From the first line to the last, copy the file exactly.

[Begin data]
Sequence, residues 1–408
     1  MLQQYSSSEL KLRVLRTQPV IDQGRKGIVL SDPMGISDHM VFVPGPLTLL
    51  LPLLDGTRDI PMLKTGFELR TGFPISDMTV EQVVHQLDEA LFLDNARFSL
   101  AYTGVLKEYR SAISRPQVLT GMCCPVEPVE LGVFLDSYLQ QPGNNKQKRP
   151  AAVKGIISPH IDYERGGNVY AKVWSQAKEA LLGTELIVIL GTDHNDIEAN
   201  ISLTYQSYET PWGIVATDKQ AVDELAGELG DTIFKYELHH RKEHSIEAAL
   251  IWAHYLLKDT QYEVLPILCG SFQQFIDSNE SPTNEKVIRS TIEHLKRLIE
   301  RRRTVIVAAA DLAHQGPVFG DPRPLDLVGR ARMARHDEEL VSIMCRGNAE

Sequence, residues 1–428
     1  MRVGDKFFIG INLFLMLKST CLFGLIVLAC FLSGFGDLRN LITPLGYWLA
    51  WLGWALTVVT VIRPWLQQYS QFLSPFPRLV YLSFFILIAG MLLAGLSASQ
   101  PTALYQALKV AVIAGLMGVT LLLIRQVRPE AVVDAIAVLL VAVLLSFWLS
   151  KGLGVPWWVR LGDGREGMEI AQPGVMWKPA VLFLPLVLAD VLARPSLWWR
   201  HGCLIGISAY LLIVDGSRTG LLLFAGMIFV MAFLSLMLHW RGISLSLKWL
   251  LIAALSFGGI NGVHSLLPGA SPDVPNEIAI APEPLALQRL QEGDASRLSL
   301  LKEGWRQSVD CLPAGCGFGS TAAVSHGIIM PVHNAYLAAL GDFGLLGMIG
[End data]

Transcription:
Sequence, residues 1–408
     1  MLQQYSSSEL KLRVLRTQPV IDQGRKGIVL SDPMGISDHM VFVPGPLTLL
    51  LPLLDGTRDI PMLKTGFELR TGFPISDMTV EQVVHQLDEA LFLDNARFSL
   101  AYTGVLKEYR SAISRPQVLT GMCCPVEPVE LGVFLDSYLQ QPGNNKQKRP
   151  AAVKGIISPH IDYERGGNVY AKVWSQAKEA LLGTELIVIL GTDHNDIEAN
   201  ISLTYQSYET PWGIVATDKQ AVDELAGELG DTIFKYELHH RKEHSIEAAL
   251  IWAHYLLKDT QYEVLPILCG SFQQFIDSNE SPTNEKVIRS TIEHLKRLIE
   301  RRRTVIVAAA DLAHQGPVFG DPRPLDLVGR ARMARHDEEL VSIMCRGNAE

Sequence, residues 1–428
     1  MRVGDKFFIG INLFLMLKST CLFGLIVLAC FLSGFGDLRN LITPLGYWLA
    51  WLGWALTVVT VIRPWLQQYS QFLSPFPRLV YLSFFILIAG MLLAGLSASQ
   101  PTALYQALKV AVIAGLMGVT LLLIRQVRPE AVVDAIAVLL VAVLLSFWLS
   151  KGLGVPWWVR LGDGREGMEI AQPGVMWKPA VLFLPLVLAD VLARPSLWWR
   201  HGCLIGISAY LLIVDGSRTG LLLFAGMIFV MAFLSLMLHW RGISLSLKWL
   251  LIAALSFGGI NGVHSLLPGA SPDVPNEIAI APEPLALQRL QEGDASRLSL
   301  LKEGWRQSVD CLPAGCGFGS TAAVSHGIIM PVHNAYLAAL GDFGLLGMIG